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Intake of tuna or other broiled or baked fish versus fried fish and cardiac structure, function, and hemodynamics.
Am J Cardiol 2006; 97(2):216-22AJ

Abstract

Fish intake is associated with improved cardiovascular health, including a lower risk of arrhythmic death, atrial fibrillation, and heart failure. However, the physiologic effects that may produce these cardiovascular benefits are not well-established. We investigated the cross-sectional associations between a usual dietary intake of fish during the previous year and cardiac structure, function, and hemodynamics as determined by physical examination and 2-dimensional, Doppler, and M-mode transthoracic echocardiography among 5,073 older adults enrolled in the Cardiovascular Health Study. On multivariate-adjusted analyses, consumption of tuna or other broiled or baked fish was associated with a lower heart rate (p < 0.001), lower systemic vascular resistance (p = 0.002), and greater stroke volume (p < 0.001). Tuna/other fish intake was also associated with a higher E/A ratio (p = 0.004), a measure of more normal diastolic function. In contrast, fried fish or fish sandwich (fish burger) intake was associated with left ventricular wall motion abnormalities (p = 0.02), a reduced ejection fraction (p < 0.001), lower cardiac output (p = 0.04), a trend toward a larger left ventricular diastolic dimension (p = 0.07), and higher systemic vascular resistance (p = 0.003). In conclusion, in this large population-based study, the intake of tuna or other broiled or baked fish was associated with improved cardiac hemodynamics, but fried fish intake was associated with structural abnormalities indicative of systolic dysfunction and potential coronary atherosclerosis. These findings suggest potential specific physiologic mechanisms that may, in part, account for the effects of fish intake on cardiovascular health.

Authors+Show Affiliations

Department of Medicine, Brigham and Women's Hospital, Harvard Medical School, Boston, Massachusetts, USA. dmozaffa@hsph.harvard.eduNo affiliation info availableNo affiliation info available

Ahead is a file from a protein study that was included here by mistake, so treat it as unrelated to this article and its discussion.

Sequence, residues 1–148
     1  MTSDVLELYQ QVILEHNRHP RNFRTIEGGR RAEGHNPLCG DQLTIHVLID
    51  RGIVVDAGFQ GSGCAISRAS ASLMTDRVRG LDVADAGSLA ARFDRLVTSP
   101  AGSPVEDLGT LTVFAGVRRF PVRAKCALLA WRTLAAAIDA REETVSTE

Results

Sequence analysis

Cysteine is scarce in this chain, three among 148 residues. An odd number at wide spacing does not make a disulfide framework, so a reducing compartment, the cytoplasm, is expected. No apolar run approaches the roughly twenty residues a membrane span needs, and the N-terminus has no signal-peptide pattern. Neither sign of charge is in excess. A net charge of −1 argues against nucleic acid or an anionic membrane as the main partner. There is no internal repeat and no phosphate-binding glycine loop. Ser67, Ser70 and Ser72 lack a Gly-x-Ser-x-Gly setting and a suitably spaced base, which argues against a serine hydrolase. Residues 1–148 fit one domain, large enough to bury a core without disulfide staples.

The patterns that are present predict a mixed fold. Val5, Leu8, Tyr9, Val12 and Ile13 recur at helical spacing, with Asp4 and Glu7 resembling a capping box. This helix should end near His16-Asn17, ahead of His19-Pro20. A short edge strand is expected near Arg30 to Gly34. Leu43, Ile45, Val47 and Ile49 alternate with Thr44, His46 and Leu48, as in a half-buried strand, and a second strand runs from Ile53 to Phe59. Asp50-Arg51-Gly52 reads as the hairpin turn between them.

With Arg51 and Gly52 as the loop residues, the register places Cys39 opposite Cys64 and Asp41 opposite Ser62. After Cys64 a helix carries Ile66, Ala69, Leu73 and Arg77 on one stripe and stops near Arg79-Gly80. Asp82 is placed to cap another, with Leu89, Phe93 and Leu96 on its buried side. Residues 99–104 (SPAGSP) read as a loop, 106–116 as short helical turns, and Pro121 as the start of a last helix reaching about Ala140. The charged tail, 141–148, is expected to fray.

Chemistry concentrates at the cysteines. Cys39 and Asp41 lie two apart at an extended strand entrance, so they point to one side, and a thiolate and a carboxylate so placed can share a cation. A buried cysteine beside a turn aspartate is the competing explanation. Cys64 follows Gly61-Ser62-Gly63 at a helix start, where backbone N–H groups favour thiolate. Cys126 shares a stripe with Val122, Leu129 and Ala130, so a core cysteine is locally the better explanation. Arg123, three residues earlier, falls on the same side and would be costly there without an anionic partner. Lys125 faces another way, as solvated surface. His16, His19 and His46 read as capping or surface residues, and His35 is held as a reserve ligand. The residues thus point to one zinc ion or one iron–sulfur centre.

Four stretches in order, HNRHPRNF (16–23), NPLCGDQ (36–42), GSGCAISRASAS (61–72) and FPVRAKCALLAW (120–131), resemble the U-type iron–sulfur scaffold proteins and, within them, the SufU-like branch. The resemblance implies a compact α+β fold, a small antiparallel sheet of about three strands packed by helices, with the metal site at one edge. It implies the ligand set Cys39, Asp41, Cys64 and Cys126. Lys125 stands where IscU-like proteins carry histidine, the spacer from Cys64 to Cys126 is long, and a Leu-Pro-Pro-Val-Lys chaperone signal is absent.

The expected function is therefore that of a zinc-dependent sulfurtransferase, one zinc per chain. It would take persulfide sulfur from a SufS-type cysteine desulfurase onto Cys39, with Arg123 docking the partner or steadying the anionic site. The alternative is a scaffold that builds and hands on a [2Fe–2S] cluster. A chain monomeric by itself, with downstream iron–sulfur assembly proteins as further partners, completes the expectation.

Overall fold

Pub Type(s)

Comparative Study
Journal Article
Research Support, N.I.H., Extramural

Language

eng

PubMed ID

16442366

Citation

Mozaffarian, Dariush, et al. "Intake of Tuna or Other Broiled or Baked Fish Versus Fried Fish and Cardiac Structure, Function, and Hemodynamics." The American Journal of Cardiology, vol. 97, no. 2, 2006, pp. 216-22.
Mozaffarian D, Gottdiener JS, Siscovick DS. Intake of tuna or other broiled or baked fish versus fried fish and cardiac structure, function, and hemodynamics. Am J Cardiol. 2006;97(2):216-22.
Mozaffarian, D., Gottdiener, J. S., & Siscovick, D. S. (2006). Intake of tuna or other broiled or baked fish versus fried fish and cardiac structure, function, and hemodynamics. The American Journal of Cardiology, 97(2), pp. 216-22.
Mozaffarian D, Gottdiener JS, Siscovick DS. Intake of Tuna or Other Broiled or Baked Fish Versus Fried Fish and Cardiac Structure, Function, and Hemodynamics. Am J Cardiol. 2006 Jan 15;97(2):216-22. PubMed PMID: 16442366.
* Article titles in AMA citation format should be in sentence-case
TY - JOUR T1 - Intake of tuna or other broiled or baked fish versus fried fish and cardiac structure, function, and hemodynamics. AU - Mozaffarian,Dariush, AU - Gottdiener,John S, AU - Siscovick,David S, Y1 - 2005/11/21/ PY - 2005/06/10/received PY - 2005/08/05/revised PY - 2005/08/05/accepted PY - 2006/1/31/pubmed PY - 2006/3/4/medline PY - 2006/1/31/entrez SP - 216 EP - 22 JF - The American journal of cardiology JO - Am. J. Cardiol. VL - 97 IS - 2 N2 - Fish intake is associated with improved cardiovascular health, including a lower risk of arrhythmic death, atrial fibrillation, and heart failure. However, the physiologic effects that may produce these cardiovascular benefits are not well-established. We investigated the cross-sectional associations between a usual dietary intake of fish during the previous year and cardiac structure, function, and hemodynamics as determined by physical examination and 2-dimensional, Doppler, and M-mode transthoracic echocardiography among 5,073 older adults enrolled in the Cardiovascular Health Study. On multivariate-adjusted analyses, consumption of tuna or other broiled or baked fish was associated with a lower heart rate (p < 0.001), lower systemic vascular resistance (p = 0.002), and greater stroke volume (p < 0.001). Tuna/other fish intake was also associated with a higher E/A ratio (p = 0.004), a measure of more normal diastolic function. In contrast, fried fish or fish sandwich (fish burger) intake was associated with left ventricular wall motion abnormalities (p = 0.02), a reduced ejection fraction (p < 0.001), lower cardiac output (p = 0.04), a trend toward a larger left ventricular diastolic dimension (p = 0.07), and higher systemic vascular resistance (p = 0.003). In conclusion, in this large population-based study, the intake of tuna or other broiled or baked fish was associated with improved cardiac hemodynamics, but fried fish intake was associated with structural abnormalities indicative of systolic dysfunction and potential coronary atherosclerosis. These findings suggest potential specific physiologic mechanisms that may, in part, account for the effects of fish intake on cardiovascular health. SN - 0002-9149 UR - https://www.unboundmedicine.com/medline/citation/16442366/Intake_of_tuna_or_other_broiled_or_baked_fish_versus_fried_fish_and_cardiac_structure_function_and_hemodynamics_ L2 - https://linkinghub.elsevier.com/retrieve/pii/S0002-9149(05)01752-2 DB - PRIME DP - Unbound Medicine ER -